While at these facilities you are generally escorted to the welfare office where your applications for medical, stamps and cash would be completed. Since these facilities usually rely on food stamps to feed everyone, they're generally pretty quick about getting guys to the welfare office. They probably won't take all his stamps, though, just the majority, leaving him with a little money to buy some food just for himself. They'll know where the welfare office is and will probably get him there ASAP. Once he gets his cash benefits turned on he'll have a little pocket money while he looks for work, but the house may defray the cost to the state by taking the majority of his cash and putting it towards his rooming fees. Depending on the stipulations attached to his parole he may not even be allowed to look for work immediately, he may have to go through a blackout period where he has little to no contact with anyone outside the house.

From there, guys with no family to double up with usually go to rooming houses. They're usually the only option for people with no rental history, no credit and probably no money for a deposit. You'll find them on Craigslist, they're the places usually going for like $100 per week, no questions asked. They're usually in shitty neighborhoods, but, hey, they don't ask questions or run criminal checks.
posted by The Straightener at 12:42 PM on May 26, 2009 [1 favorite]

Best answer: I'm afraid single room occupancy (SRO) hotels are a lot more expensive than that in San Francisco. It's been years since you could find a place for those kinds of rates. Both finding and affording housing will be the biggest problems that someone being released will face. California also has far, far fewer resources for the formerly incarcerated than PA, it sounds like.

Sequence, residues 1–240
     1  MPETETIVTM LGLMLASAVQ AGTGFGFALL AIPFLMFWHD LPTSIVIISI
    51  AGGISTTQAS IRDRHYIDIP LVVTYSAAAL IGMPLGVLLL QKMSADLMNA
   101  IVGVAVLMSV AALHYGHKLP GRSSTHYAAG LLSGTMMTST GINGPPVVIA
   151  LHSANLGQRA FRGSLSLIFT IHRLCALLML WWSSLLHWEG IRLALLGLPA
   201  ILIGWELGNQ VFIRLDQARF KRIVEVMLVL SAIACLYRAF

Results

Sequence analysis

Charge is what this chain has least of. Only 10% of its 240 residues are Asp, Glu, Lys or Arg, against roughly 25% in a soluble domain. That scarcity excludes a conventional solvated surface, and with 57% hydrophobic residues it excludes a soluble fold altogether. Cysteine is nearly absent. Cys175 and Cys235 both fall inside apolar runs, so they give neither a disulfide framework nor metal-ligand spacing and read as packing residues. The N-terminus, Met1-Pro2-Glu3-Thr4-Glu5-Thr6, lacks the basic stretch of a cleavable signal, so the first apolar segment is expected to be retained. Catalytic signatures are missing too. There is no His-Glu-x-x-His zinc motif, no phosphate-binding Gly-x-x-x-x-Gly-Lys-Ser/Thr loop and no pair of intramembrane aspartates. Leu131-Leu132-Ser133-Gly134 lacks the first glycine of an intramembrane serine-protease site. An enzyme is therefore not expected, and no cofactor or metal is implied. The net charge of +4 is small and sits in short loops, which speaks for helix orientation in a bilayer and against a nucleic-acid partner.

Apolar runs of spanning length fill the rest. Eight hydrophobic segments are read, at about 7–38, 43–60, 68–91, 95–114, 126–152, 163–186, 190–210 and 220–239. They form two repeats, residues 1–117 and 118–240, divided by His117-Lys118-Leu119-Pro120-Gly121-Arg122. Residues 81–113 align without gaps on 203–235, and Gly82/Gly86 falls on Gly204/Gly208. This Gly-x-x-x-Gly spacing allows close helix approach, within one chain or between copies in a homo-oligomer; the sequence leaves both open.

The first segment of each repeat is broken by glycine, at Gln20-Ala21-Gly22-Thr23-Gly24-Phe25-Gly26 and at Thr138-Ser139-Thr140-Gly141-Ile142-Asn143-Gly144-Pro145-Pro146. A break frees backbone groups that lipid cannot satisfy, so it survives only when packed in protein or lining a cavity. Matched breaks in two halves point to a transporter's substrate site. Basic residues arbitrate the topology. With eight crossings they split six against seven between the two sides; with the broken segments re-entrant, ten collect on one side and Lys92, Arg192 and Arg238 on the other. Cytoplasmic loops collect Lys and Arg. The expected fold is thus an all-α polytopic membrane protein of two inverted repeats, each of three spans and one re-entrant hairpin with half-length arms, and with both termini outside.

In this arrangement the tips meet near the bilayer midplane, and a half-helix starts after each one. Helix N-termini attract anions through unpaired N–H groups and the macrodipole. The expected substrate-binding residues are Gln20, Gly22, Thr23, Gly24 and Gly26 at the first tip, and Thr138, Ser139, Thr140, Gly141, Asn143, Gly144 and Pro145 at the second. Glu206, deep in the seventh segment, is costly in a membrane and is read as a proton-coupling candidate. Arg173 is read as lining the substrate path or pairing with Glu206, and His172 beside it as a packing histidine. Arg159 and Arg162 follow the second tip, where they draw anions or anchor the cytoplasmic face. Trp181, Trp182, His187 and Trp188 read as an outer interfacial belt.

The resource guide from the Re-entry Council is excellent. Try to get in to the Public Defender's re-entry social work program.
posted by gingerbeer at 2:19 PM on May 26, 2009

Another good resource is the Northern California Service League. I would recommend just calling them to ask your questions.

I'm sending you San Francisco links because those are the ones that I know the best. Many of the resources are county-specific, although the costs should be similar across the Bay Area. Do you know to which county your friend will be paroled?

Anyone being released from the CA state prison system WILL be on parole, and will be on parole for three years (pending some parole reform through state budget cuts). You are absolutely correct that the efficacy of one's PO will vary.

Other resources:
Center for Juvenile and Criminal Justice
All Of Us Or None
posted by gingerbeer at 2:35 PM on May 26, 2009

Response by poster: Good information. Thank you, everyone. gingerbeer, that Re-Entry Social Work Program has exactly the info I need, though I didn't know it until I read it.

I would still love to hear specific(-ish) dollar amounts for rooming houses, etc. if anyone knows them. (Rooming houses are places where you live with a lot of other guys for really cheap. They aren't nearly as expensive as SROs but you're really packed in there and in order not to be unbearable often have draconian rules.)
posted by small_ruminant at 4:37 PM on May 26, 2009

There are a number of prison ministries in the SF area that you might consider reaching out to - just let them know your predicament and see if they can help. The Catholic Archdiocese has one, here's another one I found via Google. If its something you're willing to consider, they may be able to provide you with additional support (cheap place to stay, help finding work, etc.) should you be in a tough spot.
posted by allkindsoftime at 4:05 AM on May 27, 2009